It was released in 1987.
Every Apple Macintosh SE computer contains electronics, and inside those electronics is computer code. This code is permanent. It cannot be erased or changed. It was encoded inside the electronics by Apple back when the computer was built in 1987.
Recently, some of the people over at nycresistor.com were examining this 25-year-old code when, suddenly, they found something peculiar. Something unexpected.
What they discovered was a large amount of “non-code” hidden inside the regular computer code. This mysterious data didn’t belong. It wasn’t computer code, but it also didn’t seem to be just random data either.
So, they began to piece together these extra bits of information, and soon they uncovered what appeared to be a hidden message inside the code. Naturally, they set to work trying to unscramble the secret message.
And this is what they uncovered.
They saw what appeared to be some sort of image data that was obviously a picture of people.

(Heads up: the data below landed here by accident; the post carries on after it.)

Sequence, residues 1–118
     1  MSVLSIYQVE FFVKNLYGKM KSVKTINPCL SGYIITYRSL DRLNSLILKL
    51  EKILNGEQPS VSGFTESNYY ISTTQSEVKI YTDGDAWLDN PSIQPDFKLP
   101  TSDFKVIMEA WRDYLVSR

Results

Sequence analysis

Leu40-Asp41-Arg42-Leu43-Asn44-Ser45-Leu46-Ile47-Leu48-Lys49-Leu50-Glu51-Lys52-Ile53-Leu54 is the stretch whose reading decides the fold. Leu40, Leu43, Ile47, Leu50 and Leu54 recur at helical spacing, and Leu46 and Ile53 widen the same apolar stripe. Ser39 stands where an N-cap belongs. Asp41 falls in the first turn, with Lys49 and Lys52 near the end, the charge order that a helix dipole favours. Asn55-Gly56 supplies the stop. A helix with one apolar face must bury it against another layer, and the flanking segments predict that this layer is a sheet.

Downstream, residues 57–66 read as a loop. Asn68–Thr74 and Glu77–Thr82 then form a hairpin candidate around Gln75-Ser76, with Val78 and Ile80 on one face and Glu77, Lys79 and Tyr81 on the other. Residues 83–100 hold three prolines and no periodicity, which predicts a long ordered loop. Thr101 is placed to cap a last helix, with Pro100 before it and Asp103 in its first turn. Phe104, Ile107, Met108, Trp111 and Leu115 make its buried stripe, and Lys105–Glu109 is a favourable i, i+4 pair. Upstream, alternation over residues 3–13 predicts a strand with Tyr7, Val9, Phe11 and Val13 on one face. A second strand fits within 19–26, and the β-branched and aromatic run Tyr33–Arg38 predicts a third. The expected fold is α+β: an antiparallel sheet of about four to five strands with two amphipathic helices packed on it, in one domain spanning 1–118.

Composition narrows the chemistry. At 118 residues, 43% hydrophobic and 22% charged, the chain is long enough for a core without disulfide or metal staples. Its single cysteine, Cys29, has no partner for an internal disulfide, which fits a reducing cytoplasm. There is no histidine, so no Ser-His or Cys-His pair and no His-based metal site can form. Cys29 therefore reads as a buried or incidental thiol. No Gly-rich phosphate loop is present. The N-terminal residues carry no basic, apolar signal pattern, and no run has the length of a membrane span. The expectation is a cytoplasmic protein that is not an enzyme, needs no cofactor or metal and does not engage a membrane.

After further investigation, they were able to decode the scrambled mess above and turn it into a full image. They also discovered that the image was accompanied by a hidden message which read “Thu, Nov 20, 1986“
It was obviously an image of people, but who were they?
The digital archeologists decided to keep digging.
And they found more hidden images embedded in the circuitry of the old Apple computer.
What they had uncovered was an Easter Egg, placed by the Apple programming team who - twenty five years ago - built the Apple Macintosh SE. This team of programmers and engineers cleverly found spare space inside the memory of the Apple Macintosh SE to permanently encode their own images.
Bravo, 1986 Apple Programming Team, bravo.